Written 12th January 2015 by Olliers Solicitors

Ministry of Justice wants to introduce new legislation to force phone networks to block phones if they are being used in prison establishments. The proposed amendment to the Serious Crime Bill, discussed in Parliament, would be introduced in prisons nationwide and would force phone networks to block mobile phones and SIM cards if they are being used in jail.

Current Legislation

The taking of mobile phones, sound recording devices and cameras into a prison is banned under the Offender Management Act 2007 and a person commits an offence if they bring, throw or otherwise convey such items in or out of a prison by whatever means; cause another person to do so; leave any such item in any place (in or out of the prison) intending it to come into the possession of a prisoner or knowing a person to be a prisoner gives such am item to him/her.

According to recent Government figures, nearly 300 mobile phones and SIM cards were seized in Greater Manchester prisons in 2013 as follows: 165 in Forest Bank, in Salford, 111 in Buckley Hall, Rochdale, 12 at Strangeways in Manchester and one at Hindley, Wigan. A further 13 were found in Styal in Cheshire.

Prisons Minister Andrew Selous said:

“We will never tolerate the use of mobile phones in prisons and will continue to clamp down on their illicit use.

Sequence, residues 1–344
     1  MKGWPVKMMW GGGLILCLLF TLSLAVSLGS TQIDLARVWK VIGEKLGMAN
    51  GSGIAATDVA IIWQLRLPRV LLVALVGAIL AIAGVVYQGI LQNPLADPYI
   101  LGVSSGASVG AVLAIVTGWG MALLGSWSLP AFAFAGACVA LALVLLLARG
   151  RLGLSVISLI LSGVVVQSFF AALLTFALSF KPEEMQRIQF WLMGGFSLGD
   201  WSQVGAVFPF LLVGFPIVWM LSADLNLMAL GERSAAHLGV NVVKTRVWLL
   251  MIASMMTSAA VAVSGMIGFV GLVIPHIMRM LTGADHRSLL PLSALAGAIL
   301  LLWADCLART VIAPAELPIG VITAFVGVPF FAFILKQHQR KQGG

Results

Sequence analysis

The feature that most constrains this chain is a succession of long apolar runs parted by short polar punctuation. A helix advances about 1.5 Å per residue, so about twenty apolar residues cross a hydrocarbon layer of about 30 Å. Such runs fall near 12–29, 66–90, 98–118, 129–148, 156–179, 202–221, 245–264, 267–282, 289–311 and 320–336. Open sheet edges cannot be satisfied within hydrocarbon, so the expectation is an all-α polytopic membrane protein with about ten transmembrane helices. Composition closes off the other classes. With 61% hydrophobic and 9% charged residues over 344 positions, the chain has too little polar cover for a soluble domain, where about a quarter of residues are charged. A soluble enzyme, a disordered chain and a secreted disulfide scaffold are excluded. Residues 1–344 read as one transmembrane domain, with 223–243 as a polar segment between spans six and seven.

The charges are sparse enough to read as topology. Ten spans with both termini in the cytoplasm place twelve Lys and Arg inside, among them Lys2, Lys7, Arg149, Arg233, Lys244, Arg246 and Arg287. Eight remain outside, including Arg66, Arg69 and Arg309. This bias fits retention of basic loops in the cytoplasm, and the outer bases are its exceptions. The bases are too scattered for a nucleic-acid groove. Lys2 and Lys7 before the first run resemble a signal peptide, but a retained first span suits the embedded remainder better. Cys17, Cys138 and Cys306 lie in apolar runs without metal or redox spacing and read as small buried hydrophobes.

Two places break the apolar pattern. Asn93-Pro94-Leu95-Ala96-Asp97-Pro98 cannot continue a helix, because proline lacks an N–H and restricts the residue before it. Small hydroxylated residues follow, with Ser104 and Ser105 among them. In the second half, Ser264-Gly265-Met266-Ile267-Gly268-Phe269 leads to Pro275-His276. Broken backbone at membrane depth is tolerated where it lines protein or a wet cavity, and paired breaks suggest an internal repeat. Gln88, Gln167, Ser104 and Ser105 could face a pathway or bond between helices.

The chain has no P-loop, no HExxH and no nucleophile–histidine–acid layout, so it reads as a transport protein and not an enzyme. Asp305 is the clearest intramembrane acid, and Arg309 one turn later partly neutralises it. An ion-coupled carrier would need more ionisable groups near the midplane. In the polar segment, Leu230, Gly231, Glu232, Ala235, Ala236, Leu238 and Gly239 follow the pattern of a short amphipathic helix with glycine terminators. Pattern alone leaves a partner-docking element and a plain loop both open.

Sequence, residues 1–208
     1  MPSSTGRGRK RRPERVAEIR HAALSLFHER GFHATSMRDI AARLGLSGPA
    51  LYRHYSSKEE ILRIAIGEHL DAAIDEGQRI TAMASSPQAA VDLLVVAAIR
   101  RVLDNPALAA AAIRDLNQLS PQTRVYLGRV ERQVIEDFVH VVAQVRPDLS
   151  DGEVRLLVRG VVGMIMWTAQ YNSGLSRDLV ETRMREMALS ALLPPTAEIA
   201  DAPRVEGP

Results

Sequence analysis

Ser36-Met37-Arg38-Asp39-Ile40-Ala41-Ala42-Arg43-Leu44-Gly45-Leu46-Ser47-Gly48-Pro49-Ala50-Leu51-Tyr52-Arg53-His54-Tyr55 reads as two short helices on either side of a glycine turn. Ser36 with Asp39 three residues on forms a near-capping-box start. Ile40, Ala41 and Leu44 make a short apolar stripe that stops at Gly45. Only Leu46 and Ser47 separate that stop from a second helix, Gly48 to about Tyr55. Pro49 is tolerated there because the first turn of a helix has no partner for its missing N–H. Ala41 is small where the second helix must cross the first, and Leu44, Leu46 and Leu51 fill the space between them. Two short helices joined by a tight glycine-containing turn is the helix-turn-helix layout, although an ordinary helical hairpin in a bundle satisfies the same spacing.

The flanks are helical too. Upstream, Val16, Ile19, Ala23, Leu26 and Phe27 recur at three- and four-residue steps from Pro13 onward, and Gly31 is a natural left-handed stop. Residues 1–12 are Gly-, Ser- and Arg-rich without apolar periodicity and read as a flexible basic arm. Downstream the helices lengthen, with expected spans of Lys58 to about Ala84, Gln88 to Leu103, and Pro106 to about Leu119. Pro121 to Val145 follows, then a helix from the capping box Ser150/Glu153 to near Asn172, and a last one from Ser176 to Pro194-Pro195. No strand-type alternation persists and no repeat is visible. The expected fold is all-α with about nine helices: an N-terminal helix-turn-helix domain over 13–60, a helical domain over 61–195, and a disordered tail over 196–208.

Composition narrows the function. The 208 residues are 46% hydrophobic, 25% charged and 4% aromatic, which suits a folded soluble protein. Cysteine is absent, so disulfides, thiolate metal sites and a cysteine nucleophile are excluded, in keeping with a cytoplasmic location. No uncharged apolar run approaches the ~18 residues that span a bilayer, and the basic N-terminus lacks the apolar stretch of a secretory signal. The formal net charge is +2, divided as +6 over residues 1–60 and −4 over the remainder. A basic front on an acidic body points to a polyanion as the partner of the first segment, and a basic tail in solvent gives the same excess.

“Our range of tough security measures has already successfully seen the number of seizures increase, but this proposed new legislation will significantly increase our ability to tackle this problem.”

Some prisons have been testing special equipment which has the capability of blocking phone signals, however, concerns were raised this would prove too expensive.


If the new legislation is approved, cheaper devices would record the telephone numbers of phones used from within prisons. Once a phone number has been identified, the Prison Service will be able to apply to a court for it to be disconnected by the network provider without needing to seize the phone or prove it is being used by a specific prisoner.

Glyn Travis, spokesman for the Prison Officers’ Association, commented:

“Mobile phones in prisons are used to co-ordinate organised crime and for prisoners to have unchecked communication with people from outside.

“They’re also used to co-ordinate trafficking of contraband and to intimidate members of the public into paying debts.

“This will be one of the many steps needed to make prisons safe again and give the public confidence in them.”

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